Peaks: North Tripyramid (4180', NH4K), Middle Tripyramid (4140', NH4K), Scaur Peak (3605', NHHH)
Mileage: 10.1 miles
Elevation Gain: 3750ft
Book Time: 7 hours (actual 6.5 hours)
Finally, after over a month away, I got back to the Whites. I am fortunate enough to be able to head North fairly often, and a long day on the trails really helps me re-zero myself. I really needed some trail time, and a day solo on the trail might prove just the ticket (and if not, the plans for the next day surely would). I've meant to hike the Tripyramids a couple of times already this year, but it just hasn't happened, but today I would actually get going. I drove through some light sleet/freezing rain along the Kanc from Lincoln, but as I got out of my car at the Pine Bend Brook Trailhead, blue skies were starting to emerge. Hey, not badly timed!
The route today was to take the usual winter route to these peaks, the Pine Bend Brook Trail, which is fairly flat and meanders along its namesake for the first mile and a half or so. Then there is some climbing, nothing terribly steep, but definitely increasing in grade until it reaches the base of a ravine where the real climbing begins. This stretch up to the ravine base is not a favorite of mine, as it is very rocky and rough, but with a couple feet of snow still clinging on, it isn't so bad. The trail conditions also weren't too bad, with a pretty solid monorail to this point, meaning the snowshoes stayed strapped to my pack.
|An eroded spot along the Pine Bend Brook Trail|
|The infamous monorail, a common spring-time discovery in the White Mountains|
|Open woods, blue skies, it was a pretty nice day actually.|
Along the way I passed the only 2 people I would see all day on this hike (I would see them again on the ridge as I returned to North Tripyramid), leaving me with a light coating of fresh snow (about an inch fell in the area a few days before). Not long before the ravine, about 2 miles from the road, a set of canine-looking tracks joined the trail and followed it up towards the ridge for quite a ways. Since there were no human tracks up to this point fairly far into the woods, the only conclusion I could come to was that these were tracks belonging to a coyote, and a pretty darn good sized one at that! The women I had passed earlier on also mentioned seeing bear tracks. That's the fun thing about this time of the year, you get to see a lot of different animal tracks in the woods as everything comes out of their winter hideaways.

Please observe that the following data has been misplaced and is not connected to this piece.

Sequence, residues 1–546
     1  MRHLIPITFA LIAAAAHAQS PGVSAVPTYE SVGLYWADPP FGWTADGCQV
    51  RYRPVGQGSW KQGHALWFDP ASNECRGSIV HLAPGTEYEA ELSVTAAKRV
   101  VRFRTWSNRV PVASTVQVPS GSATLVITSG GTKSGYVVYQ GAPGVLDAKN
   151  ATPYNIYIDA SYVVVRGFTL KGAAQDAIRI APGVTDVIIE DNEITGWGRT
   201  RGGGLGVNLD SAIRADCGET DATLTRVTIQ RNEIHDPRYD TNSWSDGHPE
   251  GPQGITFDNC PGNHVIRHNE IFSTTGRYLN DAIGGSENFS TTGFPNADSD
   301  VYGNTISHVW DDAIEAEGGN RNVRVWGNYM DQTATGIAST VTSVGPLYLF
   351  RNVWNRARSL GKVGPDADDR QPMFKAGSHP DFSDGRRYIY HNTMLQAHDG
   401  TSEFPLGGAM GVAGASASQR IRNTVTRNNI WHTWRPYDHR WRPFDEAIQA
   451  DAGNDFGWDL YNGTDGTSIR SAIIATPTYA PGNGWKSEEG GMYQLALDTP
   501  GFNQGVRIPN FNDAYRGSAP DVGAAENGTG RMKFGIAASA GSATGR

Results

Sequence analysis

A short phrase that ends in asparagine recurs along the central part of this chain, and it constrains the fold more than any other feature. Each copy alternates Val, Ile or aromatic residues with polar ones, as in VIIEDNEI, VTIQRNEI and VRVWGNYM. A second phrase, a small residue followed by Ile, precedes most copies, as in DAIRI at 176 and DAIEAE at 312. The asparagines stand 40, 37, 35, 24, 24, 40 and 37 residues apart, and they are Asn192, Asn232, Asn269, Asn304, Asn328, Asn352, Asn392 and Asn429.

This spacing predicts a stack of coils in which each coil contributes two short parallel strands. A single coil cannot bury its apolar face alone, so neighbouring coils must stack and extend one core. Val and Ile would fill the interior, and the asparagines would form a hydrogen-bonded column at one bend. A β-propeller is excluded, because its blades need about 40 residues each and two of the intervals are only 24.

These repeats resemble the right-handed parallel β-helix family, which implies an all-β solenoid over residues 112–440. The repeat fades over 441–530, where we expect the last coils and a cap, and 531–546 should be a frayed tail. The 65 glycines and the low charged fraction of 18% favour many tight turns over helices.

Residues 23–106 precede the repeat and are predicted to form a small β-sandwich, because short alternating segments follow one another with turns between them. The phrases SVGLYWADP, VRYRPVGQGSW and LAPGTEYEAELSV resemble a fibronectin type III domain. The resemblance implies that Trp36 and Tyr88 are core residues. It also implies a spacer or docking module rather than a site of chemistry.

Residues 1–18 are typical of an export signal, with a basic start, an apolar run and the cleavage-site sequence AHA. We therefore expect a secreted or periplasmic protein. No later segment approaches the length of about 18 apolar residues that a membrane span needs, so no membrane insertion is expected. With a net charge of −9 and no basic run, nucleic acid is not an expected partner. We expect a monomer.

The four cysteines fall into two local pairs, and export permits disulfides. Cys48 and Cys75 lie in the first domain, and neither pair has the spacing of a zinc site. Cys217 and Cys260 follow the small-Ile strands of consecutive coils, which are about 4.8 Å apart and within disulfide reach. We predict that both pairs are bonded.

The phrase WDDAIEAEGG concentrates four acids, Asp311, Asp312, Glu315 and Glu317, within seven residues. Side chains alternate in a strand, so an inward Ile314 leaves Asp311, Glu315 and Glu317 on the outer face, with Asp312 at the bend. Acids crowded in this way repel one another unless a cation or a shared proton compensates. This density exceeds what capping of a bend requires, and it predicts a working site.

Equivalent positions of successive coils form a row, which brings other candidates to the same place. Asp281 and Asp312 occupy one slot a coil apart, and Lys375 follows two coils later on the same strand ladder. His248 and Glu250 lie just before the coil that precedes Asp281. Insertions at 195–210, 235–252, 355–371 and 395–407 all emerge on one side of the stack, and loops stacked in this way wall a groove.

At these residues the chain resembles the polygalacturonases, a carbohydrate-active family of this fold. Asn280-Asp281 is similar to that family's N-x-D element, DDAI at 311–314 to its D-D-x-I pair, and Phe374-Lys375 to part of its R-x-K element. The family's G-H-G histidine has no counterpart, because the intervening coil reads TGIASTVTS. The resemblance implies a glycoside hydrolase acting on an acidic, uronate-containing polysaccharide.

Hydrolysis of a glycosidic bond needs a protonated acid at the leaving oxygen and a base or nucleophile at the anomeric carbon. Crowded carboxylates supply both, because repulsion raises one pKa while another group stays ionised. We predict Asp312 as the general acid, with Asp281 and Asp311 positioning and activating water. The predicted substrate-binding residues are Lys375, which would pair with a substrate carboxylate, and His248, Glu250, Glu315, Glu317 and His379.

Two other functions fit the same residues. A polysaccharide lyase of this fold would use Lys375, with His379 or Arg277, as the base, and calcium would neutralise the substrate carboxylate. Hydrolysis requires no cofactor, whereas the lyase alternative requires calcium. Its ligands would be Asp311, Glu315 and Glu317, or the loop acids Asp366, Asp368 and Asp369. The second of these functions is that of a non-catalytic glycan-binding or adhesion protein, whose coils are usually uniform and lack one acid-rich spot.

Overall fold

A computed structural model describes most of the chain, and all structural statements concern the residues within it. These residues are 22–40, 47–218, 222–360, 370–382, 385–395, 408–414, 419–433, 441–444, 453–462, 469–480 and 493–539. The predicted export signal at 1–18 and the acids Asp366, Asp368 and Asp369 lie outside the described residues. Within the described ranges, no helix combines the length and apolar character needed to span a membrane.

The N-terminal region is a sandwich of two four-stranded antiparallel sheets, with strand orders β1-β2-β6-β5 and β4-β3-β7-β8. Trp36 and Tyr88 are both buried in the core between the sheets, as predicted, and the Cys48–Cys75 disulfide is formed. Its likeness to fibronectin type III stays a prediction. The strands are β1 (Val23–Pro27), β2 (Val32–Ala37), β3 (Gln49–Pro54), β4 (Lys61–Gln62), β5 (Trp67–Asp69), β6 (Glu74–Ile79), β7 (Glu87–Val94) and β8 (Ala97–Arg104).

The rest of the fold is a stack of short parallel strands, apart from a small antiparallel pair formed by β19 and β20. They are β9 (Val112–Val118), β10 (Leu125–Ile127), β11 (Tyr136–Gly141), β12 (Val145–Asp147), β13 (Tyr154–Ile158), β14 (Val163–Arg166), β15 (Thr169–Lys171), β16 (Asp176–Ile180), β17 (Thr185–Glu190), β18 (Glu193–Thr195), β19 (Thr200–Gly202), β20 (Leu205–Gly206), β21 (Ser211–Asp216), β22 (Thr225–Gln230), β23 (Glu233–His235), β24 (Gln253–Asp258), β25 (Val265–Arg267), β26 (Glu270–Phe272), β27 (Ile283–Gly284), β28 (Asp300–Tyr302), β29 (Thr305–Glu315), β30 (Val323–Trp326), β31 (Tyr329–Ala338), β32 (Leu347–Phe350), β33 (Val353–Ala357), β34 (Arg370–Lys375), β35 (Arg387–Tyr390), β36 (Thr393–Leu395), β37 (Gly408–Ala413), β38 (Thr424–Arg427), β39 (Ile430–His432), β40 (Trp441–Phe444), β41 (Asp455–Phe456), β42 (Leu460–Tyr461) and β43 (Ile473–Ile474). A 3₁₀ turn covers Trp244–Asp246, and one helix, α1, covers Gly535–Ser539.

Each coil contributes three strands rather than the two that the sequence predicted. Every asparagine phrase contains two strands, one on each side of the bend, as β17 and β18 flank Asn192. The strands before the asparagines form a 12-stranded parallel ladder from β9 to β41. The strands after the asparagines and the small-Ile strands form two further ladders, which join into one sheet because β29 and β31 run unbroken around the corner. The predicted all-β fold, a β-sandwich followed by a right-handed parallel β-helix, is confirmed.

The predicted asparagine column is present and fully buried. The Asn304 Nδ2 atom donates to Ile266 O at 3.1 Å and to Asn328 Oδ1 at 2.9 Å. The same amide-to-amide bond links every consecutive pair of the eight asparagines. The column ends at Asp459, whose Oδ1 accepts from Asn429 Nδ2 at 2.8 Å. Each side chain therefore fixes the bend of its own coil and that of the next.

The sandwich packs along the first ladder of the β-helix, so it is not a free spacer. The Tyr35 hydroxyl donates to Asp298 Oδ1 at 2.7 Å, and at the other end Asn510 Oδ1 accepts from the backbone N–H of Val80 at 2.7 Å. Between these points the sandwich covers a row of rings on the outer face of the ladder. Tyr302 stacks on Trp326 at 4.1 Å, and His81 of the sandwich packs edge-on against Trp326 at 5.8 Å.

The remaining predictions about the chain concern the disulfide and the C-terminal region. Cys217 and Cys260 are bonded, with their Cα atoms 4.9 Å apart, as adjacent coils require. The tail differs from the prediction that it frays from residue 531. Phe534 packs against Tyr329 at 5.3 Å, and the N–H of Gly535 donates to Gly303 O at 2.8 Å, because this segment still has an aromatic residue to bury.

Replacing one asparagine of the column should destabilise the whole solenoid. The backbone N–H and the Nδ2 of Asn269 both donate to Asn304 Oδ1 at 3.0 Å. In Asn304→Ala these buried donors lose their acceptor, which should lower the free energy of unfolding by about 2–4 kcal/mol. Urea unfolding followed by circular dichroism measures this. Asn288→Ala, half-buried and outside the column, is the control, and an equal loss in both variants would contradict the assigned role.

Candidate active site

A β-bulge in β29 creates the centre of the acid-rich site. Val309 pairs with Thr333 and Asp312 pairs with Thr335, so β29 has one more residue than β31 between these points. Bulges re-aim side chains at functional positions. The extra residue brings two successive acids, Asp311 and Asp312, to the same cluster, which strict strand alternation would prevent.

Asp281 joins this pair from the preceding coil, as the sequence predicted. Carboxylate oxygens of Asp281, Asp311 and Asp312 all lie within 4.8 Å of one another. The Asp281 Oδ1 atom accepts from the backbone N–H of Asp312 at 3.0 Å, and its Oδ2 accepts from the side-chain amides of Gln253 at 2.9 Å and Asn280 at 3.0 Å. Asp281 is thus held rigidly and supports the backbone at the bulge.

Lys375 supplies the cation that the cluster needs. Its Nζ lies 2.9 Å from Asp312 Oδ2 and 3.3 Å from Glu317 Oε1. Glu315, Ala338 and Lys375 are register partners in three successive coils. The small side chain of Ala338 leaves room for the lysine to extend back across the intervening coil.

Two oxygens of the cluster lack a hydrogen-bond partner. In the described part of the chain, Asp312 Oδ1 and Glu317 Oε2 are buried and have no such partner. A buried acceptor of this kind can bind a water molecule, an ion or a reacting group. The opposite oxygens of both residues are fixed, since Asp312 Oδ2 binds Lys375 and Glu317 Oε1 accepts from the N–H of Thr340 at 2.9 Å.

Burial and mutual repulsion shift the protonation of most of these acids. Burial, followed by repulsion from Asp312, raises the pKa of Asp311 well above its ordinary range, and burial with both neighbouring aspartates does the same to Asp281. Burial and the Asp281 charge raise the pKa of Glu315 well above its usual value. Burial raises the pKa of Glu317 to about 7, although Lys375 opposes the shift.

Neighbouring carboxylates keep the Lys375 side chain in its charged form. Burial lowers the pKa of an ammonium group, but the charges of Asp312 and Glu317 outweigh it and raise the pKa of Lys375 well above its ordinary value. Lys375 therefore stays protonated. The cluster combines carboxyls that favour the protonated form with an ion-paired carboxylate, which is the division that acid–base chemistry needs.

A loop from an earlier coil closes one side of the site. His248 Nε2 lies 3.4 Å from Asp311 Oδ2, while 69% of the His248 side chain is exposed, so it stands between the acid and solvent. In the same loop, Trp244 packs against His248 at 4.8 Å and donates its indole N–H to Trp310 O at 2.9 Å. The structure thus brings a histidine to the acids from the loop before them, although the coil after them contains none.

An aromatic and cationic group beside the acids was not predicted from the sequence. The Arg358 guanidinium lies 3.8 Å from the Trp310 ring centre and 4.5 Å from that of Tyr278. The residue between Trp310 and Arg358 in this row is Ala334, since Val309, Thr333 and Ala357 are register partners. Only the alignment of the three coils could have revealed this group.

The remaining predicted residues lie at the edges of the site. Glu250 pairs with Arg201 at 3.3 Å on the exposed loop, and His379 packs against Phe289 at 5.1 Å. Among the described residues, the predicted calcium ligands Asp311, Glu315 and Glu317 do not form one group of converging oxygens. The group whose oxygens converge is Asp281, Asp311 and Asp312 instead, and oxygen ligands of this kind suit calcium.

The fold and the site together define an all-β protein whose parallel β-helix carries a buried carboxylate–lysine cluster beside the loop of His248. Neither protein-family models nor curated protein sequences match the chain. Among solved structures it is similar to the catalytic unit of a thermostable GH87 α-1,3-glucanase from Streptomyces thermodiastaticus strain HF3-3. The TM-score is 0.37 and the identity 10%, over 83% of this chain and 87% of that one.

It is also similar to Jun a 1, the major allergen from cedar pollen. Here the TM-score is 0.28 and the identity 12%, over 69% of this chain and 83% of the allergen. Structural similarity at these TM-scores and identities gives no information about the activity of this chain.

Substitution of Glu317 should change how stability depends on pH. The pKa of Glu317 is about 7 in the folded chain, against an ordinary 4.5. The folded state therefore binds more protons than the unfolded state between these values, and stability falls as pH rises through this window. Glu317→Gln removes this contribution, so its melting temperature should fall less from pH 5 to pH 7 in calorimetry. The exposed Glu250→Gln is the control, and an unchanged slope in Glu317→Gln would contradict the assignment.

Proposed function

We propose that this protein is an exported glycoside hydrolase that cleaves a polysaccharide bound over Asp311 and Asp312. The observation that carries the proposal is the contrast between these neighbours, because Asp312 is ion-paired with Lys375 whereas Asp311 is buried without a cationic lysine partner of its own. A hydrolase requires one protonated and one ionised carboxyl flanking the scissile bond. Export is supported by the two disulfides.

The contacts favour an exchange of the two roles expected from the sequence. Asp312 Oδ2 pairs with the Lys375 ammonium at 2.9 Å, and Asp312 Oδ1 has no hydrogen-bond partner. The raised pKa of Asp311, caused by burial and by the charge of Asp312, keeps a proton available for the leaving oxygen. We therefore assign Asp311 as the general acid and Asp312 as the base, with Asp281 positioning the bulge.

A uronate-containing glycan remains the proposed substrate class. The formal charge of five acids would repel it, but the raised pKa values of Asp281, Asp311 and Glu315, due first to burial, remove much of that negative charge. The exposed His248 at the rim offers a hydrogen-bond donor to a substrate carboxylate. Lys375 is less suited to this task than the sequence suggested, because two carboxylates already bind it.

|A sunny, open spot near the Scaur Ridge Trail that was completely clear of snow! Though overall there was still a couple feet on the trail.|
|Still a decent amount of snow in them hills!|
|Solid cloud deck just to the North|
|Bear Mountain and Table Mountain|
|Mount Chocorua in the distance|
|Potash and Hedgehog|
|Sandwich Dome just visible, and Jennings Peak below it - both offer great views|
|Mount Tecumseh and the Waterville Valley ski slopes - looking pretty bare|
|The ski area must be closed for the season now, there's no one parked in the parking lots!|
|Mount Chocorua and the 3 Sisters|
The descent was a little interesting, I stuck with the snowshoes and did slip once or twice on some steep icy spots (the snowshoes do not offer that great of traction on ice), but overall it wasn't bad getting back to the ravine. Around the Wilderness Boundary I ditched the snowshoes in favor of microspikes knowing from the morning that the snow from there was a mix of narrowish monorail and bare ground. For the next 1/2-3/4 mile the going was obnoxious, as the monorail's top was narrow and slushy, so I slipped off of it numerous times (snowshoes would not have helped), sometimes postholing on the side of the monorail (welcome to spring hiking!). But eventually the rail resolidified and it was a pretty easy trek out to the road from there, and the hike was done! A shower, food, and sleep was in order, as the next day was to be epic, but already I was feeling more "normal" again, it's amazing what a day in the woods can do for you.